What are mental health difficulties?

What we mean by mental health difficulties and how you can help apprentices at work.

The most common difficulties with mental health are those which affect our emotional wellbeing. These include depression or anxiety. Symptoms include profound sadness, lack of energy or unsettling agitation.

Some people may also experience very significant difficulties with their mental wellbeing. This may include feelings of sadness or anxiety going on for a long time, or which are overwhelming.

Some people may experience thoughts of suicide. Others may have experiences where their sense of reality is affected. For example, they may hear voices or experience thoughts and beliefs which are not real.

If you're concerned an apprentice or other employee is having these types of experiences, you can help. It's important to signpost them to help from a GP or reputable support organisation as soon as possible.

What do we mean by mental health? 

Mental health and wellbeing, and poor mental health and wellbeing, cover a wide range of areas and it's helpful to have clear definitions. 

Mental health

We all have mental health, just as we all have physical health. Our mental health can span through:

  • positive wellbeing

  • periods where our life and emotions feel very challenging

  • experiences of very significant poor wellbeing

Mental wellbeing 

Mental wellbeing is the ability to engage with daily life and cope with stresses without them becoming overwhelming. It means we can work productively and have positive relationships. 

Poor mental health

Poor mental health exists when we feel unable to live life as we'd wish, cope with daily pressures of life, or work productively. We may feel this impairs our relationships and our contributions to our community.

Mental health problems 

When the experiences of poor mental health go on for some time, or are severe, this is often considered to be a significant problem. Sometimes this is diagnosed as a condition such as depression or clinical anxiety.

Some people find these medical diagnoses helpful. Others find them unhelpful and believe these experiences should be seen as part of the human experience.

Common mental health problems 

Many experiences of poor mental health are common, such as depression and anxiety. About 1 in 4 people will have these types of experiences every year. For some, these experiences may be distressing and debilitating.

Severe mental health problems

Some people have experiences that are very different to normal experience. They can be frightening and debilitating and may cause substantial difficulties. These include less common conditions such as schizophrenia and bipolar disorder.

People with these conditions will often need extensive support in their recovery.

Work-related stress 

Work-related stress is caused by excessive work pressure or demands. It's a significant cause of poor mental health. Work-related stress has a strong impact on:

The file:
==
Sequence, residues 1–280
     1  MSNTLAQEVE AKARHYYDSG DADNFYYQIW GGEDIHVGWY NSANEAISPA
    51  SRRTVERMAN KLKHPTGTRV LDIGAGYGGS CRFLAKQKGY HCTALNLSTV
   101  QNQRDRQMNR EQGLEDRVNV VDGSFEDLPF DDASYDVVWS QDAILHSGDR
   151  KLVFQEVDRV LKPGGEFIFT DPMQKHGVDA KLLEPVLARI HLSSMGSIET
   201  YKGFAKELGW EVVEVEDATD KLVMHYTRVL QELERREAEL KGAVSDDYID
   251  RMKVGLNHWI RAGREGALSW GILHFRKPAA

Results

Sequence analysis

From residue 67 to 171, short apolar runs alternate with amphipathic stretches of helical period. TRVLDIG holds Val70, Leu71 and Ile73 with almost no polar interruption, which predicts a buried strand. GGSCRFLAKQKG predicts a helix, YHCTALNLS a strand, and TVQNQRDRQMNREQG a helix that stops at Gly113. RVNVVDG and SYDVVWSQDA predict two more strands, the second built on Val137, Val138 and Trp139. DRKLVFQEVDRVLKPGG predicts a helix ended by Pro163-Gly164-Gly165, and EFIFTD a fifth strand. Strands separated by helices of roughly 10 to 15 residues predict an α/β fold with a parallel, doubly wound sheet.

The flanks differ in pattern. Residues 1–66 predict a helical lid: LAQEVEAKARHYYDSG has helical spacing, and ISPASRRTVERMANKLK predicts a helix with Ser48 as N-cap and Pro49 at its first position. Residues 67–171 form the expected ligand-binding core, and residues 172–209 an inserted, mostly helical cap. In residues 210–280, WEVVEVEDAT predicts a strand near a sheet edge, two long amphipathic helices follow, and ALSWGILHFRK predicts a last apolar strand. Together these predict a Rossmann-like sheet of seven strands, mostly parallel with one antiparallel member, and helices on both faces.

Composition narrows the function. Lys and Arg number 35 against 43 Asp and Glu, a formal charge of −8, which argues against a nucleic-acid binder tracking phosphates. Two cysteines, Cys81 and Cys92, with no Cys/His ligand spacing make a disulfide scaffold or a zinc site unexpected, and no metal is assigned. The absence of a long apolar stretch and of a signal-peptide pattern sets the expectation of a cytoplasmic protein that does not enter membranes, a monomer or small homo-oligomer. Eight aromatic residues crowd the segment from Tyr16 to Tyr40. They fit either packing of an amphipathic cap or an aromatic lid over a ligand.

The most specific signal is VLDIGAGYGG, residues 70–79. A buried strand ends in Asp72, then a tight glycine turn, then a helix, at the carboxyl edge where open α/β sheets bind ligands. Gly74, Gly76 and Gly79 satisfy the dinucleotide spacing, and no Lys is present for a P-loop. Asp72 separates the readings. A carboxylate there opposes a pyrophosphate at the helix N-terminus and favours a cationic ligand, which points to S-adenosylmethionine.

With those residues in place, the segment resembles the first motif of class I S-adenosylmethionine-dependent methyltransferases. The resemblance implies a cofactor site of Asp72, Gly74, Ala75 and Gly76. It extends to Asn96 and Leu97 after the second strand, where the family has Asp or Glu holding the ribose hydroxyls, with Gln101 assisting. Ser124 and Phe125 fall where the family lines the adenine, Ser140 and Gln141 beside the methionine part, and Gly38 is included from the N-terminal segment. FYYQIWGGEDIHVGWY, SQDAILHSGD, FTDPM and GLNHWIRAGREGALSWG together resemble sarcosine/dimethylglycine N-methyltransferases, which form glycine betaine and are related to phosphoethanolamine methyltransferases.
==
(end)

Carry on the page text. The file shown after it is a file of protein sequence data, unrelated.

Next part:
• sickness absence

  • staff turnover

  • quality of work

  • safety

Stress over time can cause or contribute to anxiety, depression and sometimes other mental health problems.

Some tips and techniques

Many mental health charities now recommend techniques such as:

  • mindfulness

  • breathing exercises

  • grounding activities - these help you focus and feel grounded

Building these into your employees' or apprentices' day could help them support their own mental health. Here are some mindful or relaxation resources to try:

Read our useful guides

In partnership with mental health charity Penumbra we've compiled 4 comprehensive guides to accompany this web resource.

These 2 Employer Guides will help you to support your apprentices' mental health at work. The 2 Apprentice Guides can be found in our Mental Health resource for apprentices.

Explore the rest of our Mental Health resource

A healthy working environment

Creating and maintaining a healthy working environment benefits employees at all levels.

Supporting employees around suicide

It's important to know how to support employees at risk of suicide. Find information and links here.

Supporting employees who self-harm

Find out how to support staff who are, or may be, self-harming.

Your duties as an employer

Advice about your duties in supporting the mental health of your apprentices and other employees.

Go to start of resource

You'll find links to the other parts of the resource as well as a list of mental health support organisations.

Further support

Support for you - apprenticeships 2 432 x 288

We are grateful to mental health charity Penumbra for providing advice and information on mental health for this resource. If any of your apprentices or other employees need support, you should encourage them to contact a GP or professional mental-health support organisation. Find support organisations for mental health

Mental Health resource for apprentices

We've also pulled together a companion resource for apprentices. This is a good first place to guide people to if you're worried about their mental health.

View Mental Health at Work - a resource for apprentices